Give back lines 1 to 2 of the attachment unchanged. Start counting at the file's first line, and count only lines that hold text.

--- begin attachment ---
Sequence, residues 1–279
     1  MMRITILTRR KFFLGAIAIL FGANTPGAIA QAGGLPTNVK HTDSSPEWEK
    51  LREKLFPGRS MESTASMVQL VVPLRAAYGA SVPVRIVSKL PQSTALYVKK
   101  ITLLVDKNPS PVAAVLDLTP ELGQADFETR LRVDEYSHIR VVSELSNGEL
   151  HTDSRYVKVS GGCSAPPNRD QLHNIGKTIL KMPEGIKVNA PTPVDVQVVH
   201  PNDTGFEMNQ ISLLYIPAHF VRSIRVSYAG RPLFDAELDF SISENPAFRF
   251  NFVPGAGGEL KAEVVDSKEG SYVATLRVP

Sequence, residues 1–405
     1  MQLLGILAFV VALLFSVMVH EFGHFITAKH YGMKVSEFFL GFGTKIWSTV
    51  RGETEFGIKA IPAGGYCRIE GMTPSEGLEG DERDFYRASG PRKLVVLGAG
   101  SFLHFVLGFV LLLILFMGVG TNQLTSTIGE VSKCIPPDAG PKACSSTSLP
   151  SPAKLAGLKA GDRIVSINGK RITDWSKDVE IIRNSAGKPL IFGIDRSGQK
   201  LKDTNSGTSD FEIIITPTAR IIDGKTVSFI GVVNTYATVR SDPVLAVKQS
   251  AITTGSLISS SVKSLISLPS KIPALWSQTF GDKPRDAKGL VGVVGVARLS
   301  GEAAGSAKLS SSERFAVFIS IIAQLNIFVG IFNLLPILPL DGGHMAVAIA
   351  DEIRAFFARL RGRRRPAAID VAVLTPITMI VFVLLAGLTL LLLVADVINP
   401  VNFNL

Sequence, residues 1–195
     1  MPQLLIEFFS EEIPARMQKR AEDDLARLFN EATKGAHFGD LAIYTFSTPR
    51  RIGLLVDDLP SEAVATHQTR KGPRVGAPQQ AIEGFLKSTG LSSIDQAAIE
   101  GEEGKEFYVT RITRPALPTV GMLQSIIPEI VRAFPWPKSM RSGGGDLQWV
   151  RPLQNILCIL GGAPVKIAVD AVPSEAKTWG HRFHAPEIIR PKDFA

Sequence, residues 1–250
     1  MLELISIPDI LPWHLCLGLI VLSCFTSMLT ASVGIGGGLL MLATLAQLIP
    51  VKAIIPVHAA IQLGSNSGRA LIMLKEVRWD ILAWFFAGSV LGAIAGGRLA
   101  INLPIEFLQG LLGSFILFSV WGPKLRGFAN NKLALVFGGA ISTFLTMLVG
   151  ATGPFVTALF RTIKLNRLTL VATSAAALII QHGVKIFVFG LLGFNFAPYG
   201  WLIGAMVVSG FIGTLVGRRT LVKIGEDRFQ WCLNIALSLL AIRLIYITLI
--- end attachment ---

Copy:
Sequence, residues 1–279
     1  MMRITILTRR KFFLGAIAIL FGANTPGAIA QAGGLPTNVK HTDSSPEWEK